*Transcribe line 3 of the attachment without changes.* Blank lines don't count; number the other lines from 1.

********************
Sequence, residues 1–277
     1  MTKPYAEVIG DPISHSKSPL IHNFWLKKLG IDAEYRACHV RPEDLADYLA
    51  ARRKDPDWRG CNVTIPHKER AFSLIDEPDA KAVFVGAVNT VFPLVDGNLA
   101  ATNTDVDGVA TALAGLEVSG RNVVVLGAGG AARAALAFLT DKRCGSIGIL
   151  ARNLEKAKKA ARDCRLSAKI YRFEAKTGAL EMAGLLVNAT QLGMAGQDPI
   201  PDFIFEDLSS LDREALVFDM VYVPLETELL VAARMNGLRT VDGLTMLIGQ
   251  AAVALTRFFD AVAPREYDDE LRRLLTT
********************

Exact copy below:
    51  ARRKDPDWRG CNVTIPHKER AFSLIDEPDA KAVFVGAVNT VFPLVDGNLA